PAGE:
Website Design Basics: Part 4 of 5
What makes you return to a website or blog?
That’s a question you should keep foremost in your mind. Chances are the thing that brings you back to a site, any site, is the same that makes me or anyone else visit that site. Content.
The content of the site pulls visitors because (1) they’re looking for exactly that kind of information or (2) they’re looking for entertainment of the sort your brand offers or (3) a combination of both.
What I Offer
Here at Sling Words, I try to offer both with articles about the art, craft, and business of writing. I spend a lot of time and attention to detail in producing articles that will benefit those who are or want to be professional writers. I also pull in those who just want to write better for their personal blog or who want to understand complicated web dynamics. At least that’s what my emails tell me.
In creating well-written blog posts about issues targeted to what I see as my audience, I always try to make the writing in and of itself entertaining. There are probably a lot of ways one could present Website Design Basics for instance. I’ve tried to present the subject as if you and I are sitting together on my patio and kicking the subject around over a peach mojito. And without all the techno jargon.
When I get into web dynamics - these articles or the other recent series on Ping - I try to present the material in easily understood language because I’m not a computer programmer. I abhor tech manuals and have rarely learned anything from reading them since they’re all written as if everyone has a degree in computer programming. I learn by doing. Takes a long time, but the lesson stays with me. More importantly, I can tell others how to do it.
I’m not the sharpest crayon in the box by any means. It takes me a while to research these subjects, assimilate the knowledge, put it into practice, then figure out how I can impart that to someone else so they’ll not only understand but be able to use the information immediately.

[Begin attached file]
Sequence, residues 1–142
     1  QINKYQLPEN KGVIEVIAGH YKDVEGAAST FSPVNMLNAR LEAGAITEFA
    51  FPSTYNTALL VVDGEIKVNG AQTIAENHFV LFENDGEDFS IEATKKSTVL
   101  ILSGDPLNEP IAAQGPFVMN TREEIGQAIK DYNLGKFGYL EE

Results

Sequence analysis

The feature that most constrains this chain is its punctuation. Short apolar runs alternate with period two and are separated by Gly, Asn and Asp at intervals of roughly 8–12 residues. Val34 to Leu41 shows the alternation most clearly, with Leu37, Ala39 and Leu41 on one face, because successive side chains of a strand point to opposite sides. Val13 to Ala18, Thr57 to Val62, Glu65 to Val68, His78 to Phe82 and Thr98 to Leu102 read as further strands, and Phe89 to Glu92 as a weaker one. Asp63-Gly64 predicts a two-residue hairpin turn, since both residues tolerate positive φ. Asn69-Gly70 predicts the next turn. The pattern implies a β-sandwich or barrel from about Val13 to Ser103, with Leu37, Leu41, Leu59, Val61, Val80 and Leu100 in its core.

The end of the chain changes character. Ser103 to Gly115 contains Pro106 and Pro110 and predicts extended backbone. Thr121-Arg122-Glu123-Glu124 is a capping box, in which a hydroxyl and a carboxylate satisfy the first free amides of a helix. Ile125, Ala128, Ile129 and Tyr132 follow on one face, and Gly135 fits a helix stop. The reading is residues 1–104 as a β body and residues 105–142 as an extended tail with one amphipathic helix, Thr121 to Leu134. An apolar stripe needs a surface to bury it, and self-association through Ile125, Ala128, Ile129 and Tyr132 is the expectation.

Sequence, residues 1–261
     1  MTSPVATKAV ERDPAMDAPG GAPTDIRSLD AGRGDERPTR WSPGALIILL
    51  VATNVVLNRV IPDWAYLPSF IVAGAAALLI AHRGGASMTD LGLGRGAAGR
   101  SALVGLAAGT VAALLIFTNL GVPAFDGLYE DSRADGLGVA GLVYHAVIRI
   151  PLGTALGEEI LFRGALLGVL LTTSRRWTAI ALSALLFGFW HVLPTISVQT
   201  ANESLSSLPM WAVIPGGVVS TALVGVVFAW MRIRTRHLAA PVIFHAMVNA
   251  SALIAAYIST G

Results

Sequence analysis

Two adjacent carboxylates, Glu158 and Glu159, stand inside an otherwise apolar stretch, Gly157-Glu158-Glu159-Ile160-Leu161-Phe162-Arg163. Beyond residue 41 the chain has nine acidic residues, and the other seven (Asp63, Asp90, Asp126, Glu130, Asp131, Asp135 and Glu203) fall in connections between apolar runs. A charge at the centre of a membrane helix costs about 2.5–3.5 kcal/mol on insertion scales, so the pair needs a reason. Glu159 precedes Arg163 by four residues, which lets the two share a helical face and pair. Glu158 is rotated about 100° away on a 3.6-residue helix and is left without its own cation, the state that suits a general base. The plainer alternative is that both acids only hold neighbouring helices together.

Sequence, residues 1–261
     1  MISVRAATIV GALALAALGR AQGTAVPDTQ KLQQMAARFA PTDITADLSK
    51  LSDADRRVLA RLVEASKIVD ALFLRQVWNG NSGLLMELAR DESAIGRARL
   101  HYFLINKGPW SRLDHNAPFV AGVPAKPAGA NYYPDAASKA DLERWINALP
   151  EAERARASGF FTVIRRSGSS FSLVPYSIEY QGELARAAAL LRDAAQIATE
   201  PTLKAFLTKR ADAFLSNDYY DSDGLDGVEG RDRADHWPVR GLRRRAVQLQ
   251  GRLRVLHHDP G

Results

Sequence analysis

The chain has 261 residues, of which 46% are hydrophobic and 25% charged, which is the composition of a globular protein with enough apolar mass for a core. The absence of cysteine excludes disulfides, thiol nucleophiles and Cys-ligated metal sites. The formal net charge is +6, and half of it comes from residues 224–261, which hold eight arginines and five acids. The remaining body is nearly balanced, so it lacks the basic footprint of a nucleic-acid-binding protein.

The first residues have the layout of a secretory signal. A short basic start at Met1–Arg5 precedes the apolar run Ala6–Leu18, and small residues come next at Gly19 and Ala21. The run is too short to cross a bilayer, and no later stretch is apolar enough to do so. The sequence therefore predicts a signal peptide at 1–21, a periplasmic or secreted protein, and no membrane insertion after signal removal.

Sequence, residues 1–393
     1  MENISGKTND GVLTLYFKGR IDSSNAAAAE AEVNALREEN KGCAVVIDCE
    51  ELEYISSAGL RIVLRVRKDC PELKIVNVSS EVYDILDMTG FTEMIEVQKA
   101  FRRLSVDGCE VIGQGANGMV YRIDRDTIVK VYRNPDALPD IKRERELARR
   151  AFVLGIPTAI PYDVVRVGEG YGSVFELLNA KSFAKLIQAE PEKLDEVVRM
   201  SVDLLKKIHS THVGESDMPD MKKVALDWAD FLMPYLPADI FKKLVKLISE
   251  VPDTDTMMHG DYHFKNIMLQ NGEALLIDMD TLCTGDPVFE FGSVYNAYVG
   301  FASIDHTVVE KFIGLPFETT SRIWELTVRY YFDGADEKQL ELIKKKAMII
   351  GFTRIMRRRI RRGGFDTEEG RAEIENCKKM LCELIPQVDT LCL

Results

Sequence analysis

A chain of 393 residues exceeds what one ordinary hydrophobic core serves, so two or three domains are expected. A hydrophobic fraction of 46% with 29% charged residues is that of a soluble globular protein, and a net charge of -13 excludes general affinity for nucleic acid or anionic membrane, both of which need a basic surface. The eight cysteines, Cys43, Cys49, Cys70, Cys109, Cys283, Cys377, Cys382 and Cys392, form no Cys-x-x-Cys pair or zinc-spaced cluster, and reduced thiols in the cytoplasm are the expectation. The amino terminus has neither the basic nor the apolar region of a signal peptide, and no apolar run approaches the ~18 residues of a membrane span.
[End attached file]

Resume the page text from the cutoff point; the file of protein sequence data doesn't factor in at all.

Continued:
Occasionally, I’ll write something about what’s going on in my life or some social issue about which I feel strongly. Sometimes I’ll write a piece of paid copywriting under the Literary License label. I’m very selective in the clients I take on, and even if it's copywriting, I write in an entertaining and informative manner in my usual blog “voice.” However, the majority of everything on my website and blogs is created for what I perceive as my target audience’s interest.
I also illustrate everything I write with photographs or digital illustrations. These are all images I create or legally obtain the rights to use. Illustrations give visual interest and break up blocks of prose.
Content: Emperor Of Blog Universe
All of this - the articles (and how those blocks of prose are constructed) and the illustrations - is content created or my target audience.
Who is your target audience? What will your content be for that audience? How will you attract visitors? What is your editorial focus? How will you provide your audience with content that makes them not only return but also tell others about your website and/or blog? You need to spend a lot of time thinking about these questions and writing down your answers.
Visit next week for Part 5 of Website Design Basics. (I think I initially said this would be a 4 part series. However, there’s so much to tell that I can’t do it in 4 posts. We’ll see if 5 will shut me up. I did another series on the subject of content from the standpoint of just starting a blog if you like to check them out, read the blog from July 8 - 11.)
Give the matter of content a lot of thought because the quality of content will determine the success of your web presence.
A pretty girl with a boring personality is like a beautifully-designed website with inane content. Neither get very many admirers.